In the years since the onset of HIV/AIDS there has been much progress, yet stigma remains
By Victor Ortiz, Jr. , Writer
Initiated as a means to spread education awareness regarding the HIV/AIDS epidemic, World AIDS Day continues to do just that.
It is observed each year on December 1, though efforts were initially started by the World Health Organization. World AIDS Day first began in 1988 to unite people in the fight against HIV/AIDS on a global scale, memorialize those that succumbed to the disease, and to celebrate medical treatment advancements.
While major improvements to treat and suppress HIV have been made since it first appeared in October 1980 — a time when the disease was poorly understood and did not yet have a name — many people living with the condition still face stigma and discrimination due to fears and misinformation about HIV/AIDS.
“I remember when HIV/AIDS used to be a death sentence. As soon as you found out you had it, you had about a year to get your affairs in order, then you died,” said Christina Ramirez, who has a doctoral degree in statistics and social science, and is a professor of biostatistics at the UCLA School of Public Health.
“Since then, however, the treatment has gotten so good that one pill a day can keep the virus in check and people that have HIV never progress to AIDS and can live a normal life span,” Ramirez continued.
Originally appearing as a form of pneumonia and a rare cancer, HIV/AIDS was associated with only gay men because it was observed in them at first. The terms, “gay cancer” and “GRID” — gay related immune deficency — were among the first names used to describe the illness.
On September 24, 1982, the Centers for Disease Control and Prevention called the disease acquired immune deficiency syndrome or AIDS. By this time, experts had observed the disease in not only homosexual men but in individuals of all sexual orientations, genders, and ages — including infants.
The first blood test used to detect the virus occurred on March 2, 1985.
The cause of AIDS — a retrovirus — was identified in 1984 by research groups located in both the U.S. and France. The retrovirus was officially named HIV — human immunodeficiency virus — on May 1, 1986, two years after it was identified.
Life expectancy for anyone who contracted HIV in the early years of the epidemic was a few months to maybe a few years.
“At first people didn’t want to know their status because there was nothing that could be done, but now it’s completely changed. You can live a normal life. You can make sure that you’re not going to transmit it to your partners and we also know that you don’t get HIV from casual contact,” emphasized Ramirez.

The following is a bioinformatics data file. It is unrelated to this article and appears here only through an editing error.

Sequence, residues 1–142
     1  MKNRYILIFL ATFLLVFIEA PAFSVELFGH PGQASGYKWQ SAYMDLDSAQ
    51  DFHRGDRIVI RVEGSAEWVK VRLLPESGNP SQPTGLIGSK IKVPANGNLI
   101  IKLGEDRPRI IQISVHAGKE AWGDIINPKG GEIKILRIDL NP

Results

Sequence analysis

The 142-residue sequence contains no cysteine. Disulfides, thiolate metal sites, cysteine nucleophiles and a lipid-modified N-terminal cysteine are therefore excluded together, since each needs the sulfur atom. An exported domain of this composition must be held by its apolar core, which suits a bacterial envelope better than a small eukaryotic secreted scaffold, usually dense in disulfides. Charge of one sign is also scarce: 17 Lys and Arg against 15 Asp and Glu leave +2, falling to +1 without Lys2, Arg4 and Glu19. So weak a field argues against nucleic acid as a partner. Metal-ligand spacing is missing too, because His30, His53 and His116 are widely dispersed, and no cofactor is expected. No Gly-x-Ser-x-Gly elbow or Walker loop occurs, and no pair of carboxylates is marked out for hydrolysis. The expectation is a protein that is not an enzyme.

- Saliva, tears and sweat
- Insect bites
- Hugging or shaking hands
- Sharing dishes or toilets
- Breathing the same air
Medication to treat HIV positive people did not first become available until March 19, 1987, with the introduction of AZT. Since then, through efforts of scientists and researchers, there have been a variety of antiretroviral drug therapy breakthroughs to treat those infected with HIV as well as preventative medications and devices made for HIV negative people.
Antiretroviral drugs help to keep the amount of the virus in the body at undetectable levels, which prevents transmission of HIV to others and keeps HIV patients healthy.
“With treatment and if your virus is undetectable, the probability that you will infect anyone goes to zero. It’s a good thing to get treated,” Ramirez said. “Get tested. Get treatment. Early treatment is key.”
“I am a huge fan of PrEP. An ounce of prevention is worth a pound of cure. It’s one pill once a day and it has been shown to be quite effective in preventing acquiring HIV,” said Ramirez.
“Drugs are not what they used to be and people can live a normal life with HIV,” said Ramirez, who is part of a team of researchers working on a vaginal ring to aid in the prevention of HIV.
Phase one trials were recently completed on the device and requires continued research, which may take years before it can hopefully be approved and made fully available to the public.
It’s been 40 years since the start of the HIV/AIDS epidemic, and people still suffer stigma in spite of advances in care and knowledge. The theme for World AIDS day this year is — Ending the HIV Epidemic: Equitable Access, Everyone’s Voice.
HIV has affected 79.3 million people worldwide to date and of those, 36.3 million have died from its complications and 37.7 million live with the condition.
“Public Health should try to reduce stigma no matter what, because if you induce a stigma it can keep people from seeking care and that is the opposite of what we want to do, said Ramirez. We want people to feel comfortable, to feel welcomed, not judged, and to seek care.”
*This story was originally published on the Mt. San Jacinto Community College digital student newspaper, The Talon.